On systems supporting selinux it is preferred to leave it enabled/enforcing.
However, docker containers mount the host path with the "svirt_sandbox_file_t"
label type, which is incompatible with the default label type for /tmp ("tmp_t"),
resulting in a permissions error when the mysql container attempts to
Therefore, on selinx systems using host path, you should pre-create the host path
directory (/tmp/data/) and change it's selinux label type to "svirt_sandbox_file_t",
## on every node: mkdir -p /tmp/data chmod a+rwt /tmp/data # match /tmp permissions chcon -Rt svirt_sandbox_file_t /tmp/data
Continuing with host path, create the persistent volume objects in Kubernetes using local-volumes.yaml:
export KUBE_REPO=https://raw.githubusercontent.com/kubernetes/kubernetes/master kubectl create -f $KUBE_REPO/examples/mysql-wordpress-pd/local-volumes.yaml
GCE Persistent Disk
This storage option is applicable if you are running on Google Compute Engine.
Create two persistent disks. You will need to create the disks in the
same GCE zone as the
Kubernetes cluster. The default setup script will create the cluster
us-central1-b zone, as seen in the
config-default.sh file. Replace
<zone> below with the appropriate zone. The names
wordpress-2 must match the
pdName fields we have specified in
gcloud compute disks create --size=20GB --zone=<zone> wordpress-1 gcloud compute disks create --size=20GB --zone=<zone> wordpress-2
Create the persistent volume objects in Kubernetes for those disks:
export KUBE_REPO=https://raw.githubusercontent.com/kubernetes/kubernetes/master kubectl create -f $KUBE_REPO/examples/mysql-wordpress-pd/gce-volumes.yaml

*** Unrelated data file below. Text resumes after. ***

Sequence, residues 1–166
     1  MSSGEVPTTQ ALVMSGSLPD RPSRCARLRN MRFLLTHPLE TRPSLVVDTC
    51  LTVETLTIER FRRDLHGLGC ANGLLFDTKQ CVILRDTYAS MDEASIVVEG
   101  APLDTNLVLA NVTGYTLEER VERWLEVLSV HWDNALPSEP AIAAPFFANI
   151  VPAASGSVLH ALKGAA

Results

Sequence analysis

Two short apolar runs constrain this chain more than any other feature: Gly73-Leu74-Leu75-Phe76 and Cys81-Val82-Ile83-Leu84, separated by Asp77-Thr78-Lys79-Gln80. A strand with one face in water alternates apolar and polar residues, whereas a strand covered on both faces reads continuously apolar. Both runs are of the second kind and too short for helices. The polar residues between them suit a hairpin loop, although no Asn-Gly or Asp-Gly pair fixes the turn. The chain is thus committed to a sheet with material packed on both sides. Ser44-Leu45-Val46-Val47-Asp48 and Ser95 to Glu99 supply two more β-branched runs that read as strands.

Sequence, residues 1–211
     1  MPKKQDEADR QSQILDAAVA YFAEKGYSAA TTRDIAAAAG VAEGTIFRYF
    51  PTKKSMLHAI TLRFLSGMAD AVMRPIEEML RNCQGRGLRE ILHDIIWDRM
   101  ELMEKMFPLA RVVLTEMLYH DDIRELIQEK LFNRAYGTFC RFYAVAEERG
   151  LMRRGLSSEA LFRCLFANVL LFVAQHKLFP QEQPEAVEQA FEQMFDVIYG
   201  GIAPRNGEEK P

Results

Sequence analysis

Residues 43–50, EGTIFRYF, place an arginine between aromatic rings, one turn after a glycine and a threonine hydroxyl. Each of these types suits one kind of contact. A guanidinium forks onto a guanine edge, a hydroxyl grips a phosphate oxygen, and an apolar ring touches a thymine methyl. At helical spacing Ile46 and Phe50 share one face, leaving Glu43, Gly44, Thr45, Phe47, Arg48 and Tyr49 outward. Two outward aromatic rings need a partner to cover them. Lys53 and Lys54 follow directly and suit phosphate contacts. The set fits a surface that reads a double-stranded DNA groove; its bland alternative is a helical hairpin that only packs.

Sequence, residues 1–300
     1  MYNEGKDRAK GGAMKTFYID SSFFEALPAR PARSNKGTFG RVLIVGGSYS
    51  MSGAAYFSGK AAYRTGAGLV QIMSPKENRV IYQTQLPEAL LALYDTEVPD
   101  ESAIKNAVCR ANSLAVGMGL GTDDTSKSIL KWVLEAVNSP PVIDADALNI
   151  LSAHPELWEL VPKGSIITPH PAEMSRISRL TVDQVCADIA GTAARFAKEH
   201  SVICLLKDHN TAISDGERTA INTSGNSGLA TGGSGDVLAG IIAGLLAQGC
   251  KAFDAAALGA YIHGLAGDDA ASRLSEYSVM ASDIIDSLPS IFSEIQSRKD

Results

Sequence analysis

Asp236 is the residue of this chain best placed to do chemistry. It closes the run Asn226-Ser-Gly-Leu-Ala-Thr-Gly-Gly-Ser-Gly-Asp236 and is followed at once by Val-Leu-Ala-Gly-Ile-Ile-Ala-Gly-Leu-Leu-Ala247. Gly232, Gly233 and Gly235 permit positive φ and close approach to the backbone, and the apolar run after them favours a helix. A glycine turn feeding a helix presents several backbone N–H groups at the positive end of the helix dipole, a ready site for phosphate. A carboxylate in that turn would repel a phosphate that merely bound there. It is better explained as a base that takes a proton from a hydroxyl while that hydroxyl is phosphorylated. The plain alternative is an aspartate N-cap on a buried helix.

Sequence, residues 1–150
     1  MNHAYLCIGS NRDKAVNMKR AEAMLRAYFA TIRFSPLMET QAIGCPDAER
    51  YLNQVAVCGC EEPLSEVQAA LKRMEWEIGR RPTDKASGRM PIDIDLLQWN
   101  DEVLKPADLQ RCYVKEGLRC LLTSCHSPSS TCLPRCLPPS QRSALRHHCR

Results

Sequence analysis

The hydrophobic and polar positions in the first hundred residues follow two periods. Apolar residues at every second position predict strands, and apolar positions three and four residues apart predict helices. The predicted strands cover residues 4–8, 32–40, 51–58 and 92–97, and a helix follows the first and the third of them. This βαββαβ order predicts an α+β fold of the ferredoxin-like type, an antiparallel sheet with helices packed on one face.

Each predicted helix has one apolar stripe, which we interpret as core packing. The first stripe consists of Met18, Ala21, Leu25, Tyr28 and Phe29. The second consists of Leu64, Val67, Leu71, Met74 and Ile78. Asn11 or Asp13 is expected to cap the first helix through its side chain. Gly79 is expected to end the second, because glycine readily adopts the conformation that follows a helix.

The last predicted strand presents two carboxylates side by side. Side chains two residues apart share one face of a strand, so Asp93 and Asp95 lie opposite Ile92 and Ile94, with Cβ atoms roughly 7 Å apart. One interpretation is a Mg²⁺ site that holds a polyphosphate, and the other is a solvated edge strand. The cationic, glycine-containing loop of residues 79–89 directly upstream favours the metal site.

Create the MySQL Password Secret
Use a Secret object
to store the MySQL password. First create a file (in the same directory
as the wordpress sample files) called
password.txt and save your password in it. Make sure to not have a
trailing newline at the end of the password. The first
will remove the newline if your editor added one. Then, create the
tr --delete '\n' <password.txt >.strippedpassword.txt && mv .strippedpassword.txt password.txt kubectl create secret generic mysql-pass --from-file=password.txt
This secret is referenced by the MySQL and WordPress pod configuration so that those pods will have access to it. The MySQL pod will set the database password, and the WordPress pod will use the password to access the database.
Now that the persistent disks and secrets are defined, the Kubernetes pods can be launched. Start MySQL using mysql-deployment.yaml.
kubectl create -f $KUBE_REPO/examples/mysql-wordpress-pd/mysql-deployment.yaml